Democrats hope that associating their Republican opponents with President Donald Trump will keep their advantage in the governor’s mansion and the state legislature. Rising anger over stories of families being separated at the border may give them an edge, but they’re less likely to talk about sanctuary law unless they’re asked about it.
Newsom, favored to win the governor’s race in strongly left-leaning California, didn’t mention S.B. 54 in his election night speech. He did reference family separation in a dig at the Trump administration.
“We invest in children, Jeff Sessions,” Newsom said. “We don’t tear them from the loving arms of their mothers and their fathers.”
For either side, how significant the issue will be depends on what happens between now and November, analysts said. A high-profile crime where the suspect is an unauthorized immigrant or a spotlighted deportation case that raises humanitarian questions could be enough to sway voters in battleground districts.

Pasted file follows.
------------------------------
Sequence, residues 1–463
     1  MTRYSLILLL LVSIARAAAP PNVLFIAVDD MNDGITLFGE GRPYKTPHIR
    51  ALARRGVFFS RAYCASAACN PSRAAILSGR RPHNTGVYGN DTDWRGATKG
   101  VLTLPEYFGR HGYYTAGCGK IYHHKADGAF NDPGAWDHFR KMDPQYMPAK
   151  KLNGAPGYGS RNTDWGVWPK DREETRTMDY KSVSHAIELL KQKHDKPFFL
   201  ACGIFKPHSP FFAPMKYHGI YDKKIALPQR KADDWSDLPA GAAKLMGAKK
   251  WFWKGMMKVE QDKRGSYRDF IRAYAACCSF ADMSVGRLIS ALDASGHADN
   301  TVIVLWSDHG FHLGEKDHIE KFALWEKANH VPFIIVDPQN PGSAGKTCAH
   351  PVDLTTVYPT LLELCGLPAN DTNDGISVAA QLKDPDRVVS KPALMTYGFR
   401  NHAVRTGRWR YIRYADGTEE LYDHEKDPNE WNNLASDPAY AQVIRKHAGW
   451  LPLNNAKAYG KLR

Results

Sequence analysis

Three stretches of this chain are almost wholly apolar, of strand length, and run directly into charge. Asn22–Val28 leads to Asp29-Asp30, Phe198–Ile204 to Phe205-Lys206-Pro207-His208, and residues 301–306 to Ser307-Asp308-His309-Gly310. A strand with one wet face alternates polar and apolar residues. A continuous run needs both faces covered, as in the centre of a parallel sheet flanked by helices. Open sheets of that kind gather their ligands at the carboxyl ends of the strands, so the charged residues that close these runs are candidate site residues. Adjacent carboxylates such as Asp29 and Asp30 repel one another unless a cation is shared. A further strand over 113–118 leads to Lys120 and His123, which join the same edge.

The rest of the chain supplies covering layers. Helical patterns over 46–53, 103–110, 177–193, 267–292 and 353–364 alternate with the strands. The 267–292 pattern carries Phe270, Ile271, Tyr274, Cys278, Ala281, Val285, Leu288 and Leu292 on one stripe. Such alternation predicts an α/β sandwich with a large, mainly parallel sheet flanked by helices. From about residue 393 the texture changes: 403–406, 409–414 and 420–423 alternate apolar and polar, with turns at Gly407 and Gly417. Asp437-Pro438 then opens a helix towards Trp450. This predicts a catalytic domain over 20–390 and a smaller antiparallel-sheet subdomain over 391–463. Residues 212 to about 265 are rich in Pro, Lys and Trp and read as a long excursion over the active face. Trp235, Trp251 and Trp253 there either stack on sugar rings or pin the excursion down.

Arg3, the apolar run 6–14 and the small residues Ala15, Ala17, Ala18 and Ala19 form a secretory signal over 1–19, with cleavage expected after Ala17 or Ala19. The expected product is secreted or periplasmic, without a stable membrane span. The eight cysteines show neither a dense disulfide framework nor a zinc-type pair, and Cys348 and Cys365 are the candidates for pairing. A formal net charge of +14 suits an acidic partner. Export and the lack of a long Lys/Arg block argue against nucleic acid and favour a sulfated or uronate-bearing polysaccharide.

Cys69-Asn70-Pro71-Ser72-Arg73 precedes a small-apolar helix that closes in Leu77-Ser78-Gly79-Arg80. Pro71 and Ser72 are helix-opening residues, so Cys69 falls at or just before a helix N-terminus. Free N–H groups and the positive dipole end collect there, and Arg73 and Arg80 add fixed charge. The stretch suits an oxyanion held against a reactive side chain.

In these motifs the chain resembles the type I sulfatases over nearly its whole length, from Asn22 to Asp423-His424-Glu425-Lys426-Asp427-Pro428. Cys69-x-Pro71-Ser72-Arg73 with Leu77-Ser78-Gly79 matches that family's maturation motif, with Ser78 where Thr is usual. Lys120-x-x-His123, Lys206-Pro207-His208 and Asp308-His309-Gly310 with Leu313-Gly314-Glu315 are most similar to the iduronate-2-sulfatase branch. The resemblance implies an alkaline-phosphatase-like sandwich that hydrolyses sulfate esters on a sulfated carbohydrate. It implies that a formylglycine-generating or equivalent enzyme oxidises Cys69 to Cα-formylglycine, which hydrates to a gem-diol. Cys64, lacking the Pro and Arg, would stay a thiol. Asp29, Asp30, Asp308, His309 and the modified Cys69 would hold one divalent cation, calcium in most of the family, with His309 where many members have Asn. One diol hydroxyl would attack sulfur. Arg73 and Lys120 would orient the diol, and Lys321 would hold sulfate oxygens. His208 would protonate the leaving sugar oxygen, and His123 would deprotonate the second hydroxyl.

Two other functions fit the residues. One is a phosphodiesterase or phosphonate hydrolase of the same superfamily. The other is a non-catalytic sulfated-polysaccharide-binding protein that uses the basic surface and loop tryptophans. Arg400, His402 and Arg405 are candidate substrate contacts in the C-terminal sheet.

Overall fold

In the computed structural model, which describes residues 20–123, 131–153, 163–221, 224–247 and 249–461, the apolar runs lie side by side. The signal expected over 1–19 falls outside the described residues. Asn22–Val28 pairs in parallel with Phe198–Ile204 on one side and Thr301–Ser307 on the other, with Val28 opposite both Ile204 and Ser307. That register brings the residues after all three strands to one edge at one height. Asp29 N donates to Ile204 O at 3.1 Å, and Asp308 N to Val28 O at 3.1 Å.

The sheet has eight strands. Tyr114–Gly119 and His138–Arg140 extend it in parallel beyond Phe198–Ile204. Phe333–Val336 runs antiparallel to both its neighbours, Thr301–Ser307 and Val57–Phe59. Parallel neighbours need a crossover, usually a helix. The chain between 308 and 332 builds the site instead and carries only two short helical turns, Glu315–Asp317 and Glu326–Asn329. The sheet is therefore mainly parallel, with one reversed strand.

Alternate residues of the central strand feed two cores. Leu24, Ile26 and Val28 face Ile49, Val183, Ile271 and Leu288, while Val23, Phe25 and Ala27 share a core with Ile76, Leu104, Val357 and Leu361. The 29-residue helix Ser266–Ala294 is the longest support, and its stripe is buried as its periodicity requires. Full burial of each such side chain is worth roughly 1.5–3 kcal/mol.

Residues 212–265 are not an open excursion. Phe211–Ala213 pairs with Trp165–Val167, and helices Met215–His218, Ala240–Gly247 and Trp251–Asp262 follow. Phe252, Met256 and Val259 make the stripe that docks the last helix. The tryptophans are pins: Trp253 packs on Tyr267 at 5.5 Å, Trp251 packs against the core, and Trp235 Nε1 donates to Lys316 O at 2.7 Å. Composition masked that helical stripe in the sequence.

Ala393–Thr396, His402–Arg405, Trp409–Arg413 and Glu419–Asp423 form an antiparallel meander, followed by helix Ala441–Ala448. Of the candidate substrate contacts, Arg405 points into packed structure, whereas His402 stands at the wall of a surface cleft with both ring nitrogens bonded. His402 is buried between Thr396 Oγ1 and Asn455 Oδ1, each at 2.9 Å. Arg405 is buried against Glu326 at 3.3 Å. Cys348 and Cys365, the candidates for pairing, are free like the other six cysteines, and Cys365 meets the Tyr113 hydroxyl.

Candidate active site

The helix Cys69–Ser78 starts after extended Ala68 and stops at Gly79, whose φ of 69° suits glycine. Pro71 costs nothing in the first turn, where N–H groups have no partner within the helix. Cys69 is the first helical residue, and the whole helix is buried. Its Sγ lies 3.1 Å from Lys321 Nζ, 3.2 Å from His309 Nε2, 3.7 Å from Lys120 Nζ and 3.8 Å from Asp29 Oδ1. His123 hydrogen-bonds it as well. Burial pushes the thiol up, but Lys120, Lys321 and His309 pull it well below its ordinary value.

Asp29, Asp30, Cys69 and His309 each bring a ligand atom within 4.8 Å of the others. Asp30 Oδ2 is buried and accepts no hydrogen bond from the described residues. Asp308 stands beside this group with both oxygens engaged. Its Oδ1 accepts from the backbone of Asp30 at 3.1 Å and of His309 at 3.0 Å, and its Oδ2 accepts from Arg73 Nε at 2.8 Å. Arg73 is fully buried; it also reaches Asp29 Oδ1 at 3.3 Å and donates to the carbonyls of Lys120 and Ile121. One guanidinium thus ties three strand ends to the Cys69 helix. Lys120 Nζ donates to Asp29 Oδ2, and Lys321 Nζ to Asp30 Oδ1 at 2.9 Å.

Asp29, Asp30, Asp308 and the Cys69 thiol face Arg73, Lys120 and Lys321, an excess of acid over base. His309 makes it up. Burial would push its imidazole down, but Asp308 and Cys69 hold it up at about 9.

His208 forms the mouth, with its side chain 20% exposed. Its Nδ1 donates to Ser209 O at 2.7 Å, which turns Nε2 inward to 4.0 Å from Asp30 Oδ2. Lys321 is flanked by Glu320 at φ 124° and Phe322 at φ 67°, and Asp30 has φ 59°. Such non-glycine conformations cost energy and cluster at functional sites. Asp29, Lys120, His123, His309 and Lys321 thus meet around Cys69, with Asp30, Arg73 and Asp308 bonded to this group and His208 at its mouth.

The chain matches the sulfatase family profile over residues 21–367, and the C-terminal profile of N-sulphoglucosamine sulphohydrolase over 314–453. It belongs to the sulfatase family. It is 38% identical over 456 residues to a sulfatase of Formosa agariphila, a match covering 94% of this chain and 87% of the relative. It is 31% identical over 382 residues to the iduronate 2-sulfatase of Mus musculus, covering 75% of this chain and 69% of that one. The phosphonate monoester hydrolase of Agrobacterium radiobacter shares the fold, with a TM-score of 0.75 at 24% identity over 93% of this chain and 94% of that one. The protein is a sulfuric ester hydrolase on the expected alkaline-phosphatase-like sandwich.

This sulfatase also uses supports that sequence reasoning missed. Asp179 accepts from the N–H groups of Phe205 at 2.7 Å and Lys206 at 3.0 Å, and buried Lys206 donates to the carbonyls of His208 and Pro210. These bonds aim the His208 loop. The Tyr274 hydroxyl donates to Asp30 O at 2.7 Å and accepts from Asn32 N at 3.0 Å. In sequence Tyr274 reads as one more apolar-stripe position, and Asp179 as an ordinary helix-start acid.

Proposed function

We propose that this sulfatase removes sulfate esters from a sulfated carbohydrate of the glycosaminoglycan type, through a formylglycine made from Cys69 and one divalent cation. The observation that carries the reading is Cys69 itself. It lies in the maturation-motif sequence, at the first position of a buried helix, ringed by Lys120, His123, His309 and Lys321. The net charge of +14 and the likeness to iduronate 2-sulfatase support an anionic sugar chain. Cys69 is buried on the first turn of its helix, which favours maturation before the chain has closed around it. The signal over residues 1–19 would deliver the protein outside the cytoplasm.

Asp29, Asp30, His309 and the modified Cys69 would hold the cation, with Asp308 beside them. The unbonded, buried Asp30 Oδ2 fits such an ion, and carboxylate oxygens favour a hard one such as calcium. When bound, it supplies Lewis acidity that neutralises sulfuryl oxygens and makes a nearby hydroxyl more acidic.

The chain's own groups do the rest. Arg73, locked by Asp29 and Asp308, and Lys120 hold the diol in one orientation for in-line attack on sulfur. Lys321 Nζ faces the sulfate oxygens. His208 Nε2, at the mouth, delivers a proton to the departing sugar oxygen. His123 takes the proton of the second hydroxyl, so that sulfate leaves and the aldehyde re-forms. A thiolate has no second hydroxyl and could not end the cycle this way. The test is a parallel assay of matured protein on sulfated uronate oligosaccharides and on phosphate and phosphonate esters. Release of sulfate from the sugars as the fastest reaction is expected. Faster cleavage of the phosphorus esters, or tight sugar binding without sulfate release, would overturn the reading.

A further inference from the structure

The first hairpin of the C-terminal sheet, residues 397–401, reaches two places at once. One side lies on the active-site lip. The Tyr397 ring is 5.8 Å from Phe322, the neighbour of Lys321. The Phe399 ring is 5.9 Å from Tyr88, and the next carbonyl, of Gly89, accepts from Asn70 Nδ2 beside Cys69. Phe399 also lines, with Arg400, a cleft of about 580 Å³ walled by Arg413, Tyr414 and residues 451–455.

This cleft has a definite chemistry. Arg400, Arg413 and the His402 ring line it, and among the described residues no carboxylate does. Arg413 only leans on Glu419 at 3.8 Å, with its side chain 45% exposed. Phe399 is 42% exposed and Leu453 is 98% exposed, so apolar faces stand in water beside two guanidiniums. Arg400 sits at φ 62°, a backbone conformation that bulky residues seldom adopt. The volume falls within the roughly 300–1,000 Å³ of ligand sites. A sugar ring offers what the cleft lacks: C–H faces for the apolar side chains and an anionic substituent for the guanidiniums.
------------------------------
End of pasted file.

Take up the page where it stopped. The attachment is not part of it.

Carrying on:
Thad Kousser, a political science professor at UC San Diego, said he was surprised that immigration didn’t come up more during the primary, given its significance during the presidential election in 2016.
“The only person who wholeheartedly embraced it was Kristin Gaspar, and look what that got her,” Kousser said.
Gaspar, a county supervisor, pushed San Diego County to join the Trump lawsuit against California over S.B. 54 during her election campaign. She joined Trump at the White House for a round table on the issue.
In her bid to replace Rep. Darrell Issa, R-Vista, Gaspar garnered less than nine percent of the vote as of Friday’s count, putting her in fifth behind Republican Diane Harkey and three Democrats.